Why the ban? Because Sydney University wants to re-brand itself as an "Ivy League" institution, and are currently reviewing the music policy to curb "anti-social behaviour and alcohol".
Now let's get back to realism here; with a capacity of around 1,000, the Manning Bar is one of the only reasonable venues left in Sydney for international bands, and possibly the only venue of it's size with very good live sound quality. This is very, very disheartening news. It should be more than apparent that metal, grind, hardcore (and so on) will more than likely be facing the axe.
In the next few months alone the Manning Bar will host Meshuggah, Isis, Baroness, Converge, Genghis Tron and Between the Buried and Me. If we lose this venue, both Australian bands and countless international acts are going to have a very, very hard time playing in Sydney. The only equivalent venues left that come to mind is the UNSW Roundhouse - which as AWFUL live sound.
I can barely recall how many dozens of awesome shows I've been to at Manning Bar. All age shows have already been banned. Very, very sad news. Let's hope nothing comes of it.
Alright! Today is New Years Eve and I'm at fucking work. How sad is that? In any case it has given me a quick chance to do my Top 6 Albums of 2009. Why my Top 6? Well, because I got to the 6th album I had selected and then grew bored.
Don't get too hung up on ranks and the like. What this list is meant to do is hopefully pique your interest in some music you havent heard before - so you can go check it out.
Overall I wasn't very impressed with the grindcore offerings of 2009. We had new albums from Napalm Death, Magrudergrind, Brutal Truth and Flagitious Idiosyncrasy In The Dilapidation which were all reasonable, but hardly groundbreaking or worth of intense praise. I think I'm at the stage where I really need to hear something different in a band, rather than a rehash of old genre cliches. The Kill's new live album was pretty fucking cool, but really most of those songs were quite old.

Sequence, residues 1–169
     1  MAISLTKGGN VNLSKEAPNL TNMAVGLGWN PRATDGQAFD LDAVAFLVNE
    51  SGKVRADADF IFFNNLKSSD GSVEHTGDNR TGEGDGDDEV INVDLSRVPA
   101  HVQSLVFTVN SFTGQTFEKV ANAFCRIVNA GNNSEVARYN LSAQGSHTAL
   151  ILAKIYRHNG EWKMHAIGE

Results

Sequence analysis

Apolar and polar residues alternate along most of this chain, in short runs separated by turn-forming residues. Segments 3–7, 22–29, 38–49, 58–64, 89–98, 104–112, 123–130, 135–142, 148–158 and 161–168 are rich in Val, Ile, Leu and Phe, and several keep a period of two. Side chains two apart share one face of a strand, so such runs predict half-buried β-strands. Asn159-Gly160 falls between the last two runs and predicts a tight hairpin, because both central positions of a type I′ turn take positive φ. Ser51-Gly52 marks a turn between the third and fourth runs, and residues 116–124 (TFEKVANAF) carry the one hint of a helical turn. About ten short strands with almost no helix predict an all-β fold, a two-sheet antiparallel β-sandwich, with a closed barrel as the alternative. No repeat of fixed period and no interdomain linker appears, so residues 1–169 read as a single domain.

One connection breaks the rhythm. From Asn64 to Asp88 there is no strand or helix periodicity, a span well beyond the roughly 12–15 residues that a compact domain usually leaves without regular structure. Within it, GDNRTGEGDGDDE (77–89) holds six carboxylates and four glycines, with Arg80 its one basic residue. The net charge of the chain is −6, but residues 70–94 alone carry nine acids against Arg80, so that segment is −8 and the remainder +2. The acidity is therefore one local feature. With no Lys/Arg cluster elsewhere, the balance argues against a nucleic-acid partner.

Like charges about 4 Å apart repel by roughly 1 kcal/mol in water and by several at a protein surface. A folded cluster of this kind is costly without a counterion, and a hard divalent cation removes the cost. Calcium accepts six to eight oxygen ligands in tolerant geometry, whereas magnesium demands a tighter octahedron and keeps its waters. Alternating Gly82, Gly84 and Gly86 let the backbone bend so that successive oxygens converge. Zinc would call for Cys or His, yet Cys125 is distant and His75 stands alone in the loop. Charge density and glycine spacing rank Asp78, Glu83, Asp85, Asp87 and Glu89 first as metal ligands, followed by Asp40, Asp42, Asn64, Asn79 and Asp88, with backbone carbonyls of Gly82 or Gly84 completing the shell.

I'm definitely struggling to find grindcore that meets any of this criteria (and if you have any suggestions I'd love to hear it!). As for metal - well I'm fairly disillusioned and above all TOTALLY FUCKING BORED of death metal and most extreme genres. They are all too static.
In any case, here are my favourite albums of 2009!
1. Mastodon - Crack the Skye: You read correctly. I have dug Mastodon since Remission; and loved the heavy, sludge-ridden style they demonstrated on their first 3 releases. When Mastodon changed their tune in Blood Mountain, I no longer found the major identifiable elements that had let me previously enjoy the band. The production was comparitively thin, the clean sung vocals seems quite poor and inadequate, and that unabated crushing heaviness that I had come to associate with the band was no where to be found.
Then came Crack the Skye. I can only assume this is the album the guys WISHED they made the first time around. It is a fucking masterpiece of catchy vocal hooks (albiet slightly over-produced and clearly run through many filters), complex King Crimson-esque progressive passages, absolutely blistering guitar leads and wonderfully constructed songs. While Mastodon are definitely a band who people either seem to love or hate (infact my old man recently told me that he thought their album was terrible and was 'as bad as the stadium rock bands you used to listen to when you were 16') I definitely stand in the love camp. This album is a masterpiece, and it's ability to retain memorability and accessability while still being an absolute progressive rape is what it's all about for me.
2. Zu - Carboniferous: Apparently Zu have made 14 records since 1999 - so why the fuck hadn't I heard of them before? I only got this album a few weeks back, but it is fucking amazing. This Italian trio (drums, baritone sax and bassist) pulls out massive Meshuggah-styled rotating polyrhythms - but somehow they make it fucking dancable and catchy. How can a trio with no guitar be as heavy as Meshuggah? How can a seemingly endless supply of awkwardly ear-pleasing opposing rhythms and syncopations be so fun? I have absolutely no idea - but hark, it is so.